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Well-differentiated liposarcoma (WDLS), the most common type of liposarcoma (LS; see this term), is a slow growing, painless tumor usually located in the retroperitoneum or the limbs. It is composed of proliferating mature adipocytes.
- Atypical lipoma
- Atypical lipomatous tumor
- Prevalence: Unknown
- Inheritance: Not applicable
- Age of onset: Adult
- ICD-10: C49.9
- OMIM: -
- UMLS: C1370889
- MeSH: -
- GARD: -
- MedDRA: -
The incidence is approximately 1/200,000 per year and it accounts for 30-50% of all liposarcomas.
WDLS occurs in adulthood, most often between the ages of 50 to 60 years, and it is seen more frequently in males. A slow growing, painless mass presents most often in the retroperitoneum or the limbs but occasionally in the spermatic cord and the mediastinum. The mass can be soft and fleshy or firm. Symptoms of urinary or bowel obstruction may be experienced if the tumor is large and compresses these organs.
WDLS is characterized by extensive chromosomal aberrations, which in 90% of cases include amplification of the chromosomal region 12q13-15. This amplification causes the overexpression of three genes that promote cell growth: MDM2 (that blocks p53 tumor suppressor function), CDK4 (involved in cell cycle regulation) and HMGA2.
When a mass is detected, computed tomography (CT) or magnetic resonance imaging (MRI) is performed. Chest and abdominal lesions do not require pretreatment biopsy unless resection is likely to be incomplete or highly morbid. Extremity lesions are generally removed completely without prior biopsy. WDLS resembles large, cohesive groups of adipocytes of varying cell size. Fluorescent in situ hybridization (FISH) and immunohistochemistry show the overexpression of MDM2 and CDK4. The four morphological subtypes of WDLS are adipocytic (lipoma-like), sclerosing, inflammatory and spindle cell.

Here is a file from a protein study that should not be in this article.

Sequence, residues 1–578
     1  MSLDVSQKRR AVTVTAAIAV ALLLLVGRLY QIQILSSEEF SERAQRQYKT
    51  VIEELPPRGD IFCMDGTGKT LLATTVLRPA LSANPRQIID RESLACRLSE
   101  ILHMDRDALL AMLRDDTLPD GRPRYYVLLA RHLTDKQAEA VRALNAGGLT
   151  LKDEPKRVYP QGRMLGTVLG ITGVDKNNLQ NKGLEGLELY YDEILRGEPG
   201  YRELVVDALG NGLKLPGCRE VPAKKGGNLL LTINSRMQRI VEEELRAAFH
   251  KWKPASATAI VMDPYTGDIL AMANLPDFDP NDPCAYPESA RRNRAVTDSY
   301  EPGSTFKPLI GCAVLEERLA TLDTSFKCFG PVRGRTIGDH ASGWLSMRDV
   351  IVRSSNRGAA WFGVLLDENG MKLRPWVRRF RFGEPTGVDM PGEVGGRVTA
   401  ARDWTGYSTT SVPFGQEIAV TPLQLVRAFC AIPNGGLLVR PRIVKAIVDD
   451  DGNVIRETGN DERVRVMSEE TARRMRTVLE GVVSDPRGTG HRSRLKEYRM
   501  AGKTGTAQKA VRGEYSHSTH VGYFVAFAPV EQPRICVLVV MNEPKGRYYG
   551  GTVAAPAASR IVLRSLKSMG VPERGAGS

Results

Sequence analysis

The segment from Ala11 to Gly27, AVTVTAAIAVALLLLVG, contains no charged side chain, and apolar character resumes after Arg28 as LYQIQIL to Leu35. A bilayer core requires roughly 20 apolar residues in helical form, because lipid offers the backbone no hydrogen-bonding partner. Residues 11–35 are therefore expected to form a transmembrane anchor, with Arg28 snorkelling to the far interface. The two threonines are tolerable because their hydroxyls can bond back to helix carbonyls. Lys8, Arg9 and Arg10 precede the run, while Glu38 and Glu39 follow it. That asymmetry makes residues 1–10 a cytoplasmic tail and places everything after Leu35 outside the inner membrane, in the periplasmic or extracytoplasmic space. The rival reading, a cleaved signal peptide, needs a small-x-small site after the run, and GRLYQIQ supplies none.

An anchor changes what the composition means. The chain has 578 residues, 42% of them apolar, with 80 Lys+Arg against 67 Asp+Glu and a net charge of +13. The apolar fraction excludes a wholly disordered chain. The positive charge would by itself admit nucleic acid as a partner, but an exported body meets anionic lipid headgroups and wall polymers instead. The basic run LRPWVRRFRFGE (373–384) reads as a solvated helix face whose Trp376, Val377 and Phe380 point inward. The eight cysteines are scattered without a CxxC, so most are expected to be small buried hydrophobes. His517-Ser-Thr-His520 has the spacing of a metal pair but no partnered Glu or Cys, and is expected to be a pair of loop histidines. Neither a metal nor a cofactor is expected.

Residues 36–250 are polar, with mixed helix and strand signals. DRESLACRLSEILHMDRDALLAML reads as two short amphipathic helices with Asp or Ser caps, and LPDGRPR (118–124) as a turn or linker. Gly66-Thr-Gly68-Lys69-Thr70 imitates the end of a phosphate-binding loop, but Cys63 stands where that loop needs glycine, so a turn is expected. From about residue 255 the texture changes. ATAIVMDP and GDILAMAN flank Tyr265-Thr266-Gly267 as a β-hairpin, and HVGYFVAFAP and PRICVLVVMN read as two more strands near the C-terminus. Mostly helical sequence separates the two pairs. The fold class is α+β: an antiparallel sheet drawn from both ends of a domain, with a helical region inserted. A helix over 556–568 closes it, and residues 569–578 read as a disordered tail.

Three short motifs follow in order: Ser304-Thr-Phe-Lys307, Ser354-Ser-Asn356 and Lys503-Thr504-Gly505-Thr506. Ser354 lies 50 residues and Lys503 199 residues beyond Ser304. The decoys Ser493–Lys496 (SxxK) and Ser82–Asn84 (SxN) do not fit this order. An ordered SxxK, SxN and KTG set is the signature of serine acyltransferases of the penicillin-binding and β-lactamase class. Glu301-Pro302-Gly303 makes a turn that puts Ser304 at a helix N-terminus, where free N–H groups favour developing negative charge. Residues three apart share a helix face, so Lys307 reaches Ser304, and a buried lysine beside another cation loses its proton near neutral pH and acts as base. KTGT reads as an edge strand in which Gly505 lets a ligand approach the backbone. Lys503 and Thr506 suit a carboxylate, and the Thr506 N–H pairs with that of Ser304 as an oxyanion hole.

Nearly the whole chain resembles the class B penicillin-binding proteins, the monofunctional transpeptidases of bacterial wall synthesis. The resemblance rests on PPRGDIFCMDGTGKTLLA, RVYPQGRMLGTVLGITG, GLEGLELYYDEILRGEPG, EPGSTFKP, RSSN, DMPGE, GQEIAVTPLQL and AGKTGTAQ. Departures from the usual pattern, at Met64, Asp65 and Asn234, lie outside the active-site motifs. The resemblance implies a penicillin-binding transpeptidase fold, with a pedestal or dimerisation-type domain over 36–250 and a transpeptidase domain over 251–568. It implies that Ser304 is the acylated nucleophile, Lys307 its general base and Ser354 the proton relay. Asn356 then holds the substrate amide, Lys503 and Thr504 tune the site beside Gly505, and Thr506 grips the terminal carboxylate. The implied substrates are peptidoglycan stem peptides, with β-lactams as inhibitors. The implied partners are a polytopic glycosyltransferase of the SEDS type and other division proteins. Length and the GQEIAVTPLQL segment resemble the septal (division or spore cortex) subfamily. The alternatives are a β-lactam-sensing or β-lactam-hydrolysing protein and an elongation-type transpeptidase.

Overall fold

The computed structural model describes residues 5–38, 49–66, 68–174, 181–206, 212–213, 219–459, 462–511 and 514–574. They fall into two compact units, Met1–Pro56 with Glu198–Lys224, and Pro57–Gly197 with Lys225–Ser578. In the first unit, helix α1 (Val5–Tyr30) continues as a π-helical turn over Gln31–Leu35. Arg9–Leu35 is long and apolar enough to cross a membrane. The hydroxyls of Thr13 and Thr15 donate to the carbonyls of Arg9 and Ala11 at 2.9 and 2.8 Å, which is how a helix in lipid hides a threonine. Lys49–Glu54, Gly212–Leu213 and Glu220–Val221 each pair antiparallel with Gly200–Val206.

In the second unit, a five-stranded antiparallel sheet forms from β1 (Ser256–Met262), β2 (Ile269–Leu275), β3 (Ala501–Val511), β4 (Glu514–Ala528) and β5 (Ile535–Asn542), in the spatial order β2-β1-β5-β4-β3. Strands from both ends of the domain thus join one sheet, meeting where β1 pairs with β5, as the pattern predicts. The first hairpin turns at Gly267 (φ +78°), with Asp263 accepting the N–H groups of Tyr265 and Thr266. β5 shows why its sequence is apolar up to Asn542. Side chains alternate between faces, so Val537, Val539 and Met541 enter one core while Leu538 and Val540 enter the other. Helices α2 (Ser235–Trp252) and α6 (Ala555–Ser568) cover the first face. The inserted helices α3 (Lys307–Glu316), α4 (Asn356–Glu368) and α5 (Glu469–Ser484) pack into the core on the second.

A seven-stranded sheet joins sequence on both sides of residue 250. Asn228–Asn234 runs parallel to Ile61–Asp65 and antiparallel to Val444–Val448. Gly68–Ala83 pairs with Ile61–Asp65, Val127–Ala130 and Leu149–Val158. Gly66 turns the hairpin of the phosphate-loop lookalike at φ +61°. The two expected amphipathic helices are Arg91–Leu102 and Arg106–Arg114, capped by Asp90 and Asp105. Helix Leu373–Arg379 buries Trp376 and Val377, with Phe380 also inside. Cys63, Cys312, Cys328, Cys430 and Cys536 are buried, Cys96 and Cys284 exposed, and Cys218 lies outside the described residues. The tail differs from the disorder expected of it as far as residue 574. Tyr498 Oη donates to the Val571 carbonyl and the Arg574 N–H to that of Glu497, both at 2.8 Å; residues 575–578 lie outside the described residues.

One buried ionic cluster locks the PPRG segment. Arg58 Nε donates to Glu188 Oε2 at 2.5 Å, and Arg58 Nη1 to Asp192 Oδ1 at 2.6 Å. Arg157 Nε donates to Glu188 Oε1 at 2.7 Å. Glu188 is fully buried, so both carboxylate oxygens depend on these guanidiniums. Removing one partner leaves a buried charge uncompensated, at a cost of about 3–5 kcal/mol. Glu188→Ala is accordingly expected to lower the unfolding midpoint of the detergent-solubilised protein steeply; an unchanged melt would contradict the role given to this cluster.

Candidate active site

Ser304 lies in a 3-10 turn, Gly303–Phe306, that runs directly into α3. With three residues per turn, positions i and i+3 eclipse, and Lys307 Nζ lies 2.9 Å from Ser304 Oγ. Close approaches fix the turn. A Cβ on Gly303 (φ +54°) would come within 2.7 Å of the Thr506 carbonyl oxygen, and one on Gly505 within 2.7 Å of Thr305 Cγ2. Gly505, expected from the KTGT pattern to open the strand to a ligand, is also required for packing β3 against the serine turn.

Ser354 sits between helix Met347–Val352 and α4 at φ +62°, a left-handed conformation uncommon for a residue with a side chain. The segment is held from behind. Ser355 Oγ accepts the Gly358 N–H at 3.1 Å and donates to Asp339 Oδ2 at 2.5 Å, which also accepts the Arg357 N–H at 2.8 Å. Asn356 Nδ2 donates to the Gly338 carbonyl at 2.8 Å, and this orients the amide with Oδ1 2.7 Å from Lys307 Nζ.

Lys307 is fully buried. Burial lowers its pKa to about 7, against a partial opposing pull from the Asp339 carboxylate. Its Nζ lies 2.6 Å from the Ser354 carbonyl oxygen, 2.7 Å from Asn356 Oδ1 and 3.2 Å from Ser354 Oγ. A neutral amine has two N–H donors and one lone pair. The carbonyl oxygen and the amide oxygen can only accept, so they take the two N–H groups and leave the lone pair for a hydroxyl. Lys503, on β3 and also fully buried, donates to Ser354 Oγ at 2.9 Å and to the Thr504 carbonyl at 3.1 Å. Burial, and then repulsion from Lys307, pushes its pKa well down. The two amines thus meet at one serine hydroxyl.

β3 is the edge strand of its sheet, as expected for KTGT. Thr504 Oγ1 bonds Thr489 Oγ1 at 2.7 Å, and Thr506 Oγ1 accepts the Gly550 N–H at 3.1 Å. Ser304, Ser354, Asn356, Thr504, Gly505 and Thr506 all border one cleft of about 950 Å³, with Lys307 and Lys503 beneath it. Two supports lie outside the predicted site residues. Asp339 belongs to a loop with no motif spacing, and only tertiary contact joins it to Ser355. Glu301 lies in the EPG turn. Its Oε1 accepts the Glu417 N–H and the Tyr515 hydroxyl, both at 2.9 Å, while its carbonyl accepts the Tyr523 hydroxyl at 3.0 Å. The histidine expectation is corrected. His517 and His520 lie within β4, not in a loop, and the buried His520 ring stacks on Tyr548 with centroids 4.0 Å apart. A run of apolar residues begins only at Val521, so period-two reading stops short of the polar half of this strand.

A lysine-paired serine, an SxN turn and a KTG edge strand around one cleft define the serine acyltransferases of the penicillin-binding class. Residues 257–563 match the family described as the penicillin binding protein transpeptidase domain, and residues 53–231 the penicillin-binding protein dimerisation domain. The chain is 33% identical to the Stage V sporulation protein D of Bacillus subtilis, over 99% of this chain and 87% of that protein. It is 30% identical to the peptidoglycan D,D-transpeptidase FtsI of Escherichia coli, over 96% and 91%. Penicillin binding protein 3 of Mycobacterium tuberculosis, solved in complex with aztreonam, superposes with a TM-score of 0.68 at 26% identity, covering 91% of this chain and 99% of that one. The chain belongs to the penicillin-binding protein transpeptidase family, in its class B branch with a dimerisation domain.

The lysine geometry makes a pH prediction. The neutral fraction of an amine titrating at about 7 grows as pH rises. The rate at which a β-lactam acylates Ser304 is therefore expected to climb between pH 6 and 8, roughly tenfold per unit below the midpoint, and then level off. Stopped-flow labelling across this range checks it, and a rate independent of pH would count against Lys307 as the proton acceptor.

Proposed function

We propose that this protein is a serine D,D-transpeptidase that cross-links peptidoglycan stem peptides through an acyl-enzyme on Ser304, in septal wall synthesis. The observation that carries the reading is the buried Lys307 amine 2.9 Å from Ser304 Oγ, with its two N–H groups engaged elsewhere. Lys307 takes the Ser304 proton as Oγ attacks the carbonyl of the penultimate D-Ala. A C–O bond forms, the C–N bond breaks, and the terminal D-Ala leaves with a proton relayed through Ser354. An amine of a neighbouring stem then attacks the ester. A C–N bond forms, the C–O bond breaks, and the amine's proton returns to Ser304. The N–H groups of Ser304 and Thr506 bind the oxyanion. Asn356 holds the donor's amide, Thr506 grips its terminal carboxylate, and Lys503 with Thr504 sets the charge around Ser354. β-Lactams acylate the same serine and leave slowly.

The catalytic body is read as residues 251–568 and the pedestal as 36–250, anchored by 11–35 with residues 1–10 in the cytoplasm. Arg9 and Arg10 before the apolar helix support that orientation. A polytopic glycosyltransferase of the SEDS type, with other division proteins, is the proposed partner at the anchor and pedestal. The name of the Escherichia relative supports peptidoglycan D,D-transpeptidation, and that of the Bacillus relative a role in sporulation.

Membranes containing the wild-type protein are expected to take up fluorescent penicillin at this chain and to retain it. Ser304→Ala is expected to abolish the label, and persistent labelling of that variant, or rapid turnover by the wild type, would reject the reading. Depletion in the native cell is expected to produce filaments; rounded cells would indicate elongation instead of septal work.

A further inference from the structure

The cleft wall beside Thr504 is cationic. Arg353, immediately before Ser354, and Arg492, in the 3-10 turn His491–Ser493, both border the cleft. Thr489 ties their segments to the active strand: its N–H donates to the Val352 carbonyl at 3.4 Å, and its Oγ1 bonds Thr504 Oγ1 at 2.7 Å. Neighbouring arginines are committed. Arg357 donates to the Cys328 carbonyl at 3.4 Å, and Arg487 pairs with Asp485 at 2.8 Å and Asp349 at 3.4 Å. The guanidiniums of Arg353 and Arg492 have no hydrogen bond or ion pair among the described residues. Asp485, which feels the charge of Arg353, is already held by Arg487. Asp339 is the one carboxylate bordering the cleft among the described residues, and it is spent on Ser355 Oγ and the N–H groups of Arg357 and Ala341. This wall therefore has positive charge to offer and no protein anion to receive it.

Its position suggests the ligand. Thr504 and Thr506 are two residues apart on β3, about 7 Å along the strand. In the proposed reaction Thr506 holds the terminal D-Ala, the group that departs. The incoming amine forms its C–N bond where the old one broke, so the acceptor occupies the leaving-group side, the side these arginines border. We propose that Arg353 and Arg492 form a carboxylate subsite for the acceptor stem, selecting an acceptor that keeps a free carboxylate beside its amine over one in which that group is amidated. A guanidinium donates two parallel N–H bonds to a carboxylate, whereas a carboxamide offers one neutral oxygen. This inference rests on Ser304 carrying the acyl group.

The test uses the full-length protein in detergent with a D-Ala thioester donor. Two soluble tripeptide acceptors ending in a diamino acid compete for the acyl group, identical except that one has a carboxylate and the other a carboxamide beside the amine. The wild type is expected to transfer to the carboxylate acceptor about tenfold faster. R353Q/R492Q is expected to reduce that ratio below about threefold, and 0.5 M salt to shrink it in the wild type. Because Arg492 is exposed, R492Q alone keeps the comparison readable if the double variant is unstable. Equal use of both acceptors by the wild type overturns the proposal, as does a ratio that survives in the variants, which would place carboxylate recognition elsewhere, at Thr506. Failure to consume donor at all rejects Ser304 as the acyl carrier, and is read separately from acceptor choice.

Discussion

Differential diagnoses include benign lipomas and other types of sarcomas, inflammatory myofibroblastic tumor and Castleman disease (see these terms).
Management and treatment
Surgery is the mainstay of treatment for WDLS. If tumor excision is complete, then no further therapy is recommended, although the patient should be monitored for recurrence. Complete excision is often curative if the tumor is located in an extremity. Lesions in the retroperitoneum and inguinal areas are more difficult to treat and are more likely to recur locally and transform into dedifferentiated liposarcoma (DDLS; see this term). If the tumor is unresectable (or if the excision was incomplete), systemic therapies and radiation can be proposed but have shown little efficacy. Clinical trials are ongoing to assess new therapies in patients with advanced unresectable disease (CDK4 and MDM2 inhibitor trials).
WDLS prognosis depends on the tumor location. Extremity WDLS usually has a good prognosis after the tumor has been removed, with low rates of recurrence and essentially no mortality. Retroperitoneal WDLS, however, has a 5-year probability of freedom from recurrence of only 54% and a 5-year disease-specific survival of 80 to 90%.
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